There's trouble in toyland. Toy sellers and manufacturers are pressing Gov. Christine Gregoire to veto a bill that would outlaw toys that...
There’s trouble in toyland.
Toy sellers and manufacturers are pressing Gov. Christine Gregoire to veto a bill that would outlaw toys that contain certain toxins, while children’s-health advocates are encouraging her to sign it.
Gregoire is expected to decide the bill’s fate next week. If approved, it would give Washington the toughest toy-safety laws in the nation.
The Child Protection Safety Act, sponsored by Rep. Mary Lou Dickerson, D-Seattle, passed the Legislature with overwhelming support last month. It would reduce the amount of lead, cadmium and plastic-softening phthalates allowed in toys sold in Washington.
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The bill also requires that toy manufacturers report to the state Department of Ecology what chemicals are in their products before those products can be sold here.
Recalls of nearly 20 million toys last year eroded consumer confidence in the toy industry and prompted calls for stricter standards. Currently, toys sold in Washington must meet federal standards that aren’t as strict as those approved by the Legislature.
The governor met last week with representatives from Mattel and Hasbro, two of the nation’s largest toy manufacturers, which oppose the bill.
She met Wednesday with the Washington chapter of the American Association of Pediatrics and the Washington Toxics Coalition, both of which support the legislation.
The bill is well-intentioned, but makes room for “too many unintended consequences,” said Rob Harriott, a spokesman for the Toy Industry Association, which represents more than 500 companies nationwide.
Toys containing electronic parts — such as stuffed animals that play music — would no longer be legal in this state since all electronics contain lead and phthalates, he said. The bill does not distinguish between materials that a child can chew on and those inside a toy, which the child can’t touch. Lead is toxic if ingested.
Rick Locker, general council for the Juvenile Products Manufacturers Association, which includes 300 companies nationwide, said he’s concerned items such as children’s car seats and nursery baby monitors would be “accidentally outlawed” because the bill doesn’t precisely define which products must meet the new standards.
Local toy-store owners complain that novelties intended for adults — for instance, a Sigmund Freud action figure — are not explicitly exempted in the bill and would have to meet the same standards as children’s toys.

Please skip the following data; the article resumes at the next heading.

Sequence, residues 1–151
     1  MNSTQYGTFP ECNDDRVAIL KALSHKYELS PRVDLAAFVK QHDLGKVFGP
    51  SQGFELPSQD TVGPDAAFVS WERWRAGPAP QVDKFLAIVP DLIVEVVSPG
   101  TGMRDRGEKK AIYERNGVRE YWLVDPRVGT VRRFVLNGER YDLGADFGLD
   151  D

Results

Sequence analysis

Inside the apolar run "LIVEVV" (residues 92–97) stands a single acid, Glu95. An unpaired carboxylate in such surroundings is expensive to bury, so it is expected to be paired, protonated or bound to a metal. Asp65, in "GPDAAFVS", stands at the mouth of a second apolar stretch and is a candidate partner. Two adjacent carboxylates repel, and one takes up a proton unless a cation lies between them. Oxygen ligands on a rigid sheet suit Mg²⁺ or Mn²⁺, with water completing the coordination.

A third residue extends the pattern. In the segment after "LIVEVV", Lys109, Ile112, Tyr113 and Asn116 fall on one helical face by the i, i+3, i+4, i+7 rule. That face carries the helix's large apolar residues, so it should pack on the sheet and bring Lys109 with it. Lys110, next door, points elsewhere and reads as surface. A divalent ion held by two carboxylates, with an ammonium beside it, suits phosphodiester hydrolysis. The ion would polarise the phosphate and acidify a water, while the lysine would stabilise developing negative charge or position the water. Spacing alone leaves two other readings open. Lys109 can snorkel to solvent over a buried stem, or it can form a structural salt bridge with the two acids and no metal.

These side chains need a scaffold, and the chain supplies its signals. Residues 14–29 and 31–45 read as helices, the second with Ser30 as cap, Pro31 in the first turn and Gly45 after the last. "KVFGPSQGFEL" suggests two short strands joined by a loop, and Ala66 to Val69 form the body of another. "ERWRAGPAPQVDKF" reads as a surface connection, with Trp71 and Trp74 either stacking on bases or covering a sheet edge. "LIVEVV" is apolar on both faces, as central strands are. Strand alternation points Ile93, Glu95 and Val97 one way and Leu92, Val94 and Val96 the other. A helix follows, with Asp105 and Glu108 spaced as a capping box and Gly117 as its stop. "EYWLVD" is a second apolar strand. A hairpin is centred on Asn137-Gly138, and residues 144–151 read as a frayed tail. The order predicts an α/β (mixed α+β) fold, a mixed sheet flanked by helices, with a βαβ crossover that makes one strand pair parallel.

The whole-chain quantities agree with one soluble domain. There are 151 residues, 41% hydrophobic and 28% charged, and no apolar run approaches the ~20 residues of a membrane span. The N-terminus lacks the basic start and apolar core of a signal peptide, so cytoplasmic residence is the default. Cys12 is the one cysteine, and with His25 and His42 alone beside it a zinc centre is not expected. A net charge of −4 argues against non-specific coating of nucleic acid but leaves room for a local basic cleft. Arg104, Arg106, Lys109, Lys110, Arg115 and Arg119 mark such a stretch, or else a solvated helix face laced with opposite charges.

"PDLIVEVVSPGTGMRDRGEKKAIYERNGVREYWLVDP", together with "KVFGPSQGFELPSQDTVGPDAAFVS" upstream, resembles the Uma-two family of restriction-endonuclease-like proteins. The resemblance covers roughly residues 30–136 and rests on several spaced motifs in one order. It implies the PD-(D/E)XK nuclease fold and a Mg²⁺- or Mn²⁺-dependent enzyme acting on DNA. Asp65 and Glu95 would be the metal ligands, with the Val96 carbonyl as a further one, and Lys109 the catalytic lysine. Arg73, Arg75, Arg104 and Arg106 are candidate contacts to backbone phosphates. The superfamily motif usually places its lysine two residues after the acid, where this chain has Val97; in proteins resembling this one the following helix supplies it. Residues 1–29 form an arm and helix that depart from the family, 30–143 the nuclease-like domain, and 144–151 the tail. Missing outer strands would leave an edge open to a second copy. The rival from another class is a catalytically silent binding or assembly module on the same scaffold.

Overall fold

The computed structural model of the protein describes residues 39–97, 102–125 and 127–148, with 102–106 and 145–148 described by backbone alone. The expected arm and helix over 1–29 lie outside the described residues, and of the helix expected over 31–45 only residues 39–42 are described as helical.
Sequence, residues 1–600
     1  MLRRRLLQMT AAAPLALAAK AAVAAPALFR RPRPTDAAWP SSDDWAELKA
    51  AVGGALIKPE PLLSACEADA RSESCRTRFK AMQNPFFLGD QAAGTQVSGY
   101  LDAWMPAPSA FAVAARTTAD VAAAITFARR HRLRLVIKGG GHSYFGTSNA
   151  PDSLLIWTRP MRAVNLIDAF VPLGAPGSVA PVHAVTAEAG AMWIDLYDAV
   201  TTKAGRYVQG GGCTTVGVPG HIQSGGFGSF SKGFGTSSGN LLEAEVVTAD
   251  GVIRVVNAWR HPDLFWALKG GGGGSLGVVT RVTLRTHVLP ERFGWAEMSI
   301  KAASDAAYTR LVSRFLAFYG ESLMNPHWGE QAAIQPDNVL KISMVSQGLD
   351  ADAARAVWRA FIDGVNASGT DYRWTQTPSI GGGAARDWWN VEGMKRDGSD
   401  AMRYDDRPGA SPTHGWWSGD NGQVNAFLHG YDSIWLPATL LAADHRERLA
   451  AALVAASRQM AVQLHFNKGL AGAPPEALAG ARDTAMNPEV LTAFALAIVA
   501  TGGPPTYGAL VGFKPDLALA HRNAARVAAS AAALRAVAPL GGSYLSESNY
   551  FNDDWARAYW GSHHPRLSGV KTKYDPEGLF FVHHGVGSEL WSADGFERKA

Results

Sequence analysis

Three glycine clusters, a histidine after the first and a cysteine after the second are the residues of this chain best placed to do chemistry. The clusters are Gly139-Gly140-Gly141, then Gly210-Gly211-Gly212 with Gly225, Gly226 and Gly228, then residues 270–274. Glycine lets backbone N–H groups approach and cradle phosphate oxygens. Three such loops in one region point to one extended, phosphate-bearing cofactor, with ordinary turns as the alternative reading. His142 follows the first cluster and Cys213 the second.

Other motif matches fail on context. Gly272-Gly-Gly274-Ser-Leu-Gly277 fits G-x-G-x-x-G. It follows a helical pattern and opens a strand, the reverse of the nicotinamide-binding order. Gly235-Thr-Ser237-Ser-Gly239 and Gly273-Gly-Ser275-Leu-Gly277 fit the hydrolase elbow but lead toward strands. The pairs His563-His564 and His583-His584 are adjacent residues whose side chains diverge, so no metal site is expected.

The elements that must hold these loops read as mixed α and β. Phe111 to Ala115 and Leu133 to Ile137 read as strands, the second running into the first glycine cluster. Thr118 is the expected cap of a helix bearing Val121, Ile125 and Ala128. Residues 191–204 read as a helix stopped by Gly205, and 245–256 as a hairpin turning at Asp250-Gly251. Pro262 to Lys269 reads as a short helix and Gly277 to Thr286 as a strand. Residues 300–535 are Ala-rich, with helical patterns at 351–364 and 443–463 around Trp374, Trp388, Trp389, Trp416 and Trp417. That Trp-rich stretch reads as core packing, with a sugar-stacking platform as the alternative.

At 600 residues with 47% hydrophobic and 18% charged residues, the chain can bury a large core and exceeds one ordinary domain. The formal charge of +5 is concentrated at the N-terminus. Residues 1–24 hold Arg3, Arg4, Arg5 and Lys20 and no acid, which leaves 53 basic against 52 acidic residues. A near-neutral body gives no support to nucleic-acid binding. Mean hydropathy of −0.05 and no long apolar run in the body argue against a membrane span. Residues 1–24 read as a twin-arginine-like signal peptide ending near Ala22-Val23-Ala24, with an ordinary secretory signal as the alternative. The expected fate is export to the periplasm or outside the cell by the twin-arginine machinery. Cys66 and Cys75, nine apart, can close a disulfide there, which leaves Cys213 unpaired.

Dickerson acknowledged the toy industry’s concerns, saying the bill should clarify that electronic components within a toy are not subject to the same toxic-chemical tests as the rest of the toy. She also said the definition of “toy” may have to be revised.
But, she said, that doesn’t mean the bill should be vetoed. It’s not uncommon for the Legislature to amend laws to account for such concerns before they go into effect, she said. The governor also can dictate to state agencies how the law would be enforced, Dickerson said.
If signed, the law would go into effect July 2009.
David Wahl, who oversees Archie McPhee, the zany Ballard toy and novelty store, said that while he supports the bill’s intention, he worries it will run his and other independent toy stores out of business.
While the bill wouldn’t penalize retailers for selling toys that don’t meet safety standards, it would force manufacturers to change their standards and perform certain tests before they’d be able to sell their products in Washington.
Since national toy manufacturers get only 2 percent of their total sales in Washington, it’s unlikely they’d bother with all those steps to supply retailers here, Wahl said.
Dickerson, who describes herself as “a great fan of Archie McPhee” and planned to meet with Wahl on Thursday, said he need not worry. “The bill is aimed at manufacturers. It specifically protects retailers,” she said.
Dickerson also said she hopes other states will pass laws similar to Washington’s, forcing toy manufacturers to adopt the stricter standards for everyone. Still, the vast majority of states follow only the federal toy-safety standards.
“We really don’t think it’s a wild, crazy, environmentally erratic idea for people to know what’s in their products,” said Dr. Barry Lawson of the Washington chapter of the American Academy of Pediatrics.
“There are some issues with the bill that need to be worked out,” he said. “But the heart of the bill has our full support: We want toys to be safer for kids.”
Haley Edwards: 206-464-2745 or email@example.com